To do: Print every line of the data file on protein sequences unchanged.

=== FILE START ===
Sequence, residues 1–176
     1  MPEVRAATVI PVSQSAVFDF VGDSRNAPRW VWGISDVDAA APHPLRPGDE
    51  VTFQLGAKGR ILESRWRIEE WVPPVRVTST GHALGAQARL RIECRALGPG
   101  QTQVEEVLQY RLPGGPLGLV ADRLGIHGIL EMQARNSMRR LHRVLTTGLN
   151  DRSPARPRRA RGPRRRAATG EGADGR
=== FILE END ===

Sequence, residues 1–176
     1  MPEVRAATVI PVSQSAVFDF VGDSRNAPRW VWGISDVDAA APHPLRPGDE
    51  VTFQLGAKGR ILESRWRIEE WVPPVRVTST GHALGAQARL RIECRALGPG
   101  QTQVEEVLQY RLPGGPLGLV ADRLGIHGIL EMQARNSMRR LHRVLTTGLN
   151  DRSPARPRRA RGPRRRAATG EGADGR